2.  Classify reasons why people create and use art by studying artworks and other sources of information

a.  Identify techniques, processes, and materials from different times and places used to create visual art 

b.  Describe the origins of selected techniques, processes, and materials used in the visual arts

3.0 Creative Expression and Production:  Students will demonstrate the ability to organize knowledge and ideas for expression in the production of art.

1. Create images and forms from observation, memory, and imagination 

a.  Experiment with art media, processes, and techniques to generate ideas and express personal meaning

b.  Manipulate art media, materials, and tools safely

c.  Create artworks that explore the uses of color, line, shape, texture, form, space, and selected principles of design, such as pattern, repetition, contrast, and balance to express personal meaning

2. Investigate a variety of ways that artists develop ideas and organize the elements of art in responding to what they see, know, and feel 

a.  Identify sources for ideas and describe the processes used to create artworks  

b.  Identify and describe color, line, shape, texture, form, space, and selected principles of design, such as pattern, repetition, contrast, and balance in artworks
VSC: Social Studies Grade 3

Standard 2.0 Peoples of the Nation and World

C. Conflict and Compromise

Indicator: 1. Analyze how groups of people interact

Objectives: 1. Identify and demonstrate appropriate social skills necessary for working in a cooperative groups such as using concern, compassion, and respect among group members

2. Explain how different points of view in school and community situations may result in compromise or conflict

Fine Arts Lesson Objectives:

Students will:

1. Analyze a work or works of art to identify story, techniques, processes, and materials from different times and places
2. Identify, discuss, and apply a Mughal workshop model for making an artistic product
3. Make comparisons to current models of production
4. Experiment with art media, processes, and techniques to generate ideas and express personal meaning 
5. Manipulate art media, materials, and tools safely

Social Studies Objectives:

Students will analyze how groups of people interact by:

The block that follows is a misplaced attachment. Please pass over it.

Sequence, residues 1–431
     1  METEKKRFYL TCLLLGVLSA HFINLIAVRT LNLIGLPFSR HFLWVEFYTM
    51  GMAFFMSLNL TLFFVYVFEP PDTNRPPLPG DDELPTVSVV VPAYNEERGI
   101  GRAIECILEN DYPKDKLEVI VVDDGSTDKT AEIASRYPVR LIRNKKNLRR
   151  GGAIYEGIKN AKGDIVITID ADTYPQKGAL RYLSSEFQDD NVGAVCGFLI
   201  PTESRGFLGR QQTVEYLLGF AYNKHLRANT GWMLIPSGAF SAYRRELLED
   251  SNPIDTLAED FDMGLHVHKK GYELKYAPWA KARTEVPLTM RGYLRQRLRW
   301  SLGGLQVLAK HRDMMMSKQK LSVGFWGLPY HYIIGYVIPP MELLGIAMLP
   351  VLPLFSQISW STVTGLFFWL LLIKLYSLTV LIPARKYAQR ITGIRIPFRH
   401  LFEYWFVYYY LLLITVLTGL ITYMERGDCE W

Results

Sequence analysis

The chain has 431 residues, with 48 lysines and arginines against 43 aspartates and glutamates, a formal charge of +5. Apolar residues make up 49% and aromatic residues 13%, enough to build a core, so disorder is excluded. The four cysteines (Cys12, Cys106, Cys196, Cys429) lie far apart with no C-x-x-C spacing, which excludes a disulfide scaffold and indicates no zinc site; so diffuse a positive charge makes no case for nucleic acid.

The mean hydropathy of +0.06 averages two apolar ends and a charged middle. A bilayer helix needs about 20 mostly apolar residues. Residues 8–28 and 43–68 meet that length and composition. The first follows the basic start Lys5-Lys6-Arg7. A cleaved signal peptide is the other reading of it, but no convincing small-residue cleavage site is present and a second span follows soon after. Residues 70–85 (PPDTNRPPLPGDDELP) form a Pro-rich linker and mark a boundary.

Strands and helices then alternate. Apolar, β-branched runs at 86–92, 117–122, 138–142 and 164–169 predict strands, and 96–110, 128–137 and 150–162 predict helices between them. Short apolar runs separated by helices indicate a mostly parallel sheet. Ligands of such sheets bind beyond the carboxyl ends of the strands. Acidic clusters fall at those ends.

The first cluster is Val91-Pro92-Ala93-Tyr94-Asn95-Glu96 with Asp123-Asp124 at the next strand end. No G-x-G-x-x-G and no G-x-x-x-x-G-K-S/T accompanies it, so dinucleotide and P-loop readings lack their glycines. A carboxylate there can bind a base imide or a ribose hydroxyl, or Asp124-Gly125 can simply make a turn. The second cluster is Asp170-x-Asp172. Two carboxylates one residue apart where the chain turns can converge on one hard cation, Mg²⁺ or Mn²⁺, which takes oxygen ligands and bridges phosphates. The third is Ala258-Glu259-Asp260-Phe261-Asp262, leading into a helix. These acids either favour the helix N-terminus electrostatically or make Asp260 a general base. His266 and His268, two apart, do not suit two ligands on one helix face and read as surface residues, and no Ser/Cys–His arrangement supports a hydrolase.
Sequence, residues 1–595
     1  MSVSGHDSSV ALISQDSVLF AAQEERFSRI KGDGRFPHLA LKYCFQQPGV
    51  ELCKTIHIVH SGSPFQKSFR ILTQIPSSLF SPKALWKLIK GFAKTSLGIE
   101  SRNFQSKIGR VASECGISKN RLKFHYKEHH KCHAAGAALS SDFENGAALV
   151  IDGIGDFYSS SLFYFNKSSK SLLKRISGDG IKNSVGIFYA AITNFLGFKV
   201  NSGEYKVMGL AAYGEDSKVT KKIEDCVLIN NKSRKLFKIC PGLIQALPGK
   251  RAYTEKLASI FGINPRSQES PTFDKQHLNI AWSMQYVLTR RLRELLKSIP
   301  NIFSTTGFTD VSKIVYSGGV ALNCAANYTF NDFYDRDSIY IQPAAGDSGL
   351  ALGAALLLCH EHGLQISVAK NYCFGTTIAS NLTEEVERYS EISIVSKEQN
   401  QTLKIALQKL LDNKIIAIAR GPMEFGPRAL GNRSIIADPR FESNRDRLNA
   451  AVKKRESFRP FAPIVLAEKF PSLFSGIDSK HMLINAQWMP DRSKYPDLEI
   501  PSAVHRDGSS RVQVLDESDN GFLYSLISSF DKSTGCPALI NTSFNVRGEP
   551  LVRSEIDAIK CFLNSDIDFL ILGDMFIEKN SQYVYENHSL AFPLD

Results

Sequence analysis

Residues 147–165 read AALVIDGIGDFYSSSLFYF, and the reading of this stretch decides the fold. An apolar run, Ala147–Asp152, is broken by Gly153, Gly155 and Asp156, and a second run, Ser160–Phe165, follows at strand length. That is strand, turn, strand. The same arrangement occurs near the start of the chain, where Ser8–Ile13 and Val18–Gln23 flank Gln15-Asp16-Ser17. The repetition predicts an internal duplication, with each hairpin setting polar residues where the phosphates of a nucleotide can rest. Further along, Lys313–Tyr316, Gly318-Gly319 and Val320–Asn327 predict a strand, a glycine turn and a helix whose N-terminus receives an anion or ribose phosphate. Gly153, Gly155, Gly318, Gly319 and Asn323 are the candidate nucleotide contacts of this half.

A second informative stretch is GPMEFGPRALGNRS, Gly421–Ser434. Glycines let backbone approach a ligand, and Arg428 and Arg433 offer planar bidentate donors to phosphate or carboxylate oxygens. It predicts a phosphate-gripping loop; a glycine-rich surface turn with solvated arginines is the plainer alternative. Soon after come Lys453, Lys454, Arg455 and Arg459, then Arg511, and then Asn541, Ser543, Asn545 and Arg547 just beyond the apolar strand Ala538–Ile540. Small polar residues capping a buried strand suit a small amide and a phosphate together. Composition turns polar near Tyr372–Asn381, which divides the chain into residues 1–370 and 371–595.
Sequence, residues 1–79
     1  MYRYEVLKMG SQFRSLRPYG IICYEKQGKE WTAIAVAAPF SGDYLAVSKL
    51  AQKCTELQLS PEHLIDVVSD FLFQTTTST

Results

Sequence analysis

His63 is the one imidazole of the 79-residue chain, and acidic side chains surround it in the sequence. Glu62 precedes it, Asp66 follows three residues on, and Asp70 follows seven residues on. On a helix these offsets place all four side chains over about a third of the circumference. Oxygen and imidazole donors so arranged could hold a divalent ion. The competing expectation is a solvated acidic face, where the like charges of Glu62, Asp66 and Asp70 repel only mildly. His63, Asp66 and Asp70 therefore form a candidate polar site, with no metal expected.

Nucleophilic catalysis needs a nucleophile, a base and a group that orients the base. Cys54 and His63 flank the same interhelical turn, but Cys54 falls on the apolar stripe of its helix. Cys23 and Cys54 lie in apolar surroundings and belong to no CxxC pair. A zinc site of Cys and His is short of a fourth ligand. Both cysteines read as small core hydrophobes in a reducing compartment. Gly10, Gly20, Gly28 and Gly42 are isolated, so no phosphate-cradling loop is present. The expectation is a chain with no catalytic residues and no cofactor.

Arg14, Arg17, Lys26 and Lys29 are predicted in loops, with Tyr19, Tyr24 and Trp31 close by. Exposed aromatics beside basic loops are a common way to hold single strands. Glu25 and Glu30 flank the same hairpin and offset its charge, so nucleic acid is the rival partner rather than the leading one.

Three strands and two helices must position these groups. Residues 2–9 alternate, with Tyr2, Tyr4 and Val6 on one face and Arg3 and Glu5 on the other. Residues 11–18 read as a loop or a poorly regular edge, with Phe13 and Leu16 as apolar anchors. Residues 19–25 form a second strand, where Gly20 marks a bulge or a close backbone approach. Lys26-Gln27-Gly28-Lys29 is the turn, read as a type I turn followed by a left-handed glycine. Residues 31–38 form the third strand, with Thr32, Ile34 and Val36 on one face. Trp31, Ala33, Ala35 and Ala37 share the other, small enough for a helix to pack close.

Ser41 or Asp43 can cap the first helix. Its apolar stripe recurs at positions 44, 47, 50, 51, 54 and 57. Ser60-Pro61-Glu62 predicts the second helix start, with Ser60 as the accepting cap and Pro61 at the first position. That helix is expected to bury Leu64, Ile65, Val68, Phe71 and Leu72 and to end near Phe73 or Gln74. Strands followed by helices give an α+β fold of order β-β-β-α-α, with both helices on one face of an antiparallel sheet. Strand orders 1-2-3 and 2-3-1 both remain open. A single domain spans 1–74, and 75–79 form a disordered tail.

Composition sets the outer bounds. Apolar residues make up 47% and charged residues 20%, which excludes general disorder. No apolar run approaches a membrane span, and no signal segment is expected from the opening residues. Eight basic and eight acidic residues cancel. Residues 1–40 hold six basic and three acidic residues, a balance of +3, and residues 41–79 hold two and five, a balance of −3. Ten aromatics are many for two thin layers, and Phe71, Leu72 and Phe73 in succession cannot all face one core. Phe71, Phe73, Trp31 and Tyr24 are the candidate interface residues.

1. Experiencing cooperative art making
  2. Identifying and demonstrating appropriate social skills necessary for working in a cooperative groups such as using concern, compassion, and respect among group members
  3. Explaining how different points of view in school and community situations may result in compromise or conflict

Skills Needed:

Fine Arts
Looking closely, exact cutting, legible neat handwriting or printing, knowledge of color and pattern, gluing cleanly, organized planning, pre-visioning, re-working, repeating a process carefully

Social Studies
Making connections to the present, thinking steps ahead, thinking about others, making an effort, taking pride in the whole

Key Words/ Vocabulary:



An artist or artisan’s studio; a workshop; sometimes where an artist trains for his profession



Artistic, stylized handwriting or the art of producing such



Verb: The act of hiring someone to execute a certain work or works
Noun: The work executed under such an agreement



Literally “book house” in Persian. The workshop in Mughal India and Iran, where art (book arts mainly) were executed



An Indian Muslim of or descended from one of several conquering groups of Mongol, Turkic, and Persian origin



Literally “Patchwork”, a term to describe a Sufi ascetic’s cloak. It referred to the piecing of different pictures and borders of manuscript albums into newer ones for the Mughal court.



Someone who acts as a sponsor or benefactor. For the artists of Mughal India, the wealthy ruling families were the ones who determined and ordered what would be made.



A continuous or connected series



Designed, trained, or fitted for one particular purpose or




A small establishment where handicrafts or manufacturing is done.

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Sponsored by
the Center for Renaissance & Baroque Studies
and the Maryland State Department of Education